CNN — Nicole Williams thought she had found the ideal job applicant -- until a phone call came from Mom.
Only thing was it wasn't her mom; it was the potential employee's.
"She wanted to know everything from where [the job candidate] would be sitting to a review of her responsibilities," said Williams, the career expert for LinkedIn, the professional networking site.
"I withdrew the offer," she said.
This wasn't the only time Williams had encountered the parental presence of a young employee.
She previously had a call from a parent who didn't agree with her son's performance proposal and asked if she could come into her office to discuss. In a presentation in front of new clients, Williams also witnessed a new graduate using the phrase "my dad thinks" as it pertained to the project.
As college students and graduates seek entry into the world of 9-to-5 this summer via internships and full-time jobs, parents that previously helped select their child's course load are turning their attention to their child's employer.
However, what these so-called helicopter parents might not realize is that their hovering ways can undermine their child's advancement, instead of making them soar.
In 2012, University of Cincinnati senior Aubrey Ireland filed and won a civil stalking order against her parents after unannounced visits and cyber-monitoring, among other complaints.
"It's just been really embarrassing and upsetting to have my parents come to my university when I'm a grown adult and just basically slander my name and follow me around," Ireland said in a court hearing.
"She's an only child who was catered to all her life by loving parents," Julie Ireland, Aubrey's mom, fired back in court. "We're not bothering her. We're not a problem."
The term "helicopter parent" sealed its fate as part of the American lexicon when it was introduced into the Merriam-Webster Dictionary in 2011 as "a parent who is overly involved in the life of his or her child."
A spring 2013 survey by the National Association of Colleges and Employers found that companies expect to hire approximately 2.1% more college graduates from the Class of 2013 than they did from the Class of 2012; a promising outlook that can only add fuel to a helicopter parent's engine.
But, when searching for that employment, first impressions should be left to the child, not the parent, said consultant and recruiter Stacy Pursell.
"My thought is if they are too busy to conduct their own job search, then I am too busy to help them find a position," Pursell said.
Parenting psychologists along with career experts like Williams and Pursell assert that hovering guardians are stalling their kids' hiring future by being hyper-present.
"You are not doing your kid any favors. Encourage them to share their fears, thoughts and ideas with you after hours and you can absolutely do the same," Williams said. "But make it clear that he/she has to form and express their own opinions and create their own experiences in order to build professional confidence and respect."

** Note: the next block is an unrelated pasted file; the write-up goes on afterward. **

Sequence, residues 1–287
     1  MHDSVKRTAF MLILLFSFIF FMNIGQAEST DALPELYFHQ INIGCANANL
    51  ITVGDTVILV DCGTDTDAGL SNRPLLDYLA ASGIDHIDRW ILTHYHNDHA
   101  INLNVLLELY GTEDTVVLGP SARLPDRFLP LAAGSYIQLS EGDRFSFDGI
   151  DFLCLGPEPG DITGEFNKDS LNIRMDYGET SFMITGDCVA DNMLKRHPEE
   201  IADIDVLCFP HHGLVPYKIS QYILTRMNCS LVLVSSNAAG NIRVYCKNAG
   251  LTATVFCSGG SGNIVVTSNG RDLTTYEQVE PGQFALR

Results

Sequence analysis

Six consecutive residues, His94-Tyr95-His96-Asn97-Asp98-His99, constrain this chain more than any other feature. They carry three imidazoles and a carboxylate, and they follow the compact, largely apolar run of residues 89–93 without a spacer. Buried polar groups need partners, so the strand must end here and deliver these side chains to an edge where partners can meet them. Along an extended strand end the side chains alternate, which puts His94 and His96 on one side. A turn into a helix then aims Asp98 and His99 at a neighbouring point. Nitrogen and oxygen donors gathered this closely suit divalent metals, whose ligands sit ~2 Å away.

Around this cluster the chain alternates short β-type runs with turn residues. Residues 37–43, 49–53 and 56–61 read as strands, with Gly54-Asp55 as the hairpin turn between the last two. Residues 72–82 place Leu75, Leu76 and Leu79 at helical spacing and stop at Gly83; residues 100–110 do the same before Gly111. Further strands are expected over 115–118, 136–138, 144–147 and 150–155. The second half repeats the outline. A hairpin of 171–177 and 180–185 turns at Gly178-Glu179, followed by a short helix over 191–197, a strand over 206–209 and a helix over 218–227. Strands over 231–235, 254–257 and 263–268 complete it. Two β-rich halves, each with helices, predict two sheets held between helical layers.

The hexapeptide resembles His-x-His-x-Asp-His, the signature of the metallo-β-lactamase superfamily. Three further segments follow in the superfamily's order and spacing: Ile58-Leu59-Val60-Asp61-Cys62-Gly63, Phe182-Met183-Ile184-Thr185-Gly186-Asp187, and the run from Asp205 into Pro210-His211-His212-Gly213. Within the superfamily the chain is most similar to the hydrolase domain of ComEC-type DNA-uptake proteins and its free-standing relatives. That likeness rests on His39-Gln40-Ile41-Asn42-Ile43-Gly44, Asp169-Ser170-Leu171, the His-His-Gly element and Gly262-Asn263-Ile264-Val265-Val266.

Williams says as much as parents would like to, they can't give their children a career -- their children have to earn it.
"When it comes down to it, as a parent you want to give your child the best and protect them from distress," she said. But being overprotective isn't helping them either.
Aaron Cooper, a clinical psychologist at The Family Institute at Northwestern University, says mollycoddling mothers and doting dads can become a child's crutch.
Cooper says children, for the most part, often experience too many advantages of their omnipresent parents by the time they reach their teen years, so they're not particularly inclined to tell mom and dad to back off.
"They're more inclined to welcome the help because they are also seeing it as a cheerleader on their team pushing forward toward victory and success," Cooper said.
But "it's almost like a soft disability in their lives," he added, meaning that children become super reliant on their parents and unable to stand on their own.
Cooper attributes the growing phenomenon of over-parenting to a variety of factors. The first commonality is feelings of guilt that parents may have short-changed their children.
This is particularly potent when the parents have had full-time careers and may feel that they never really spent enough time with the children as they grew up. Cooper says it's the "I'm-going-to-make-up-for-it mentality."
Cooper also says children have increasingly become an emblem of their parents' success.
"It's part of our own resume as parents to indicate how accomplished our children are. Their resume is a kind of extension of our resume," Cooper says.
This wasn't the case 50 years ago, he asserts. Parents left their children alone a lot more, and they looked for signs of their own success in life.
Today helicopter parenting, he says, is an increasing sign of the influence of the middle-class. With the median household income in the United States as $52,762, according to U.S. Census Bureau, parents might be able to focus less on their own day-to-day economic struggles and focus more on their children's day-to-day lives.
Not to mention, Cooper says, the 24/7 connectivity now makes it easier for kids and parents to trade resumes, job listings, even human resource contacts with the click of the mouse.
Williams and Pursell, like Cooper, say while parental advice is always valuable, certain areas of the job search should be considered a no-fly zone.
"It is OK to do some online research to help their child find a job, but when it comes to actually contacting an employer or a recruiter, the applicant needs to make that inquiry themselves," Pursell said.
As for something solely left up to the parents? Learning how to step away.
Not doing so is "making it hard to develop resilience, self-sufficiency and autonomy," Cooper said. "If they [children] have not developed the resilience by their teenage years, we don't know if they will ever develop it."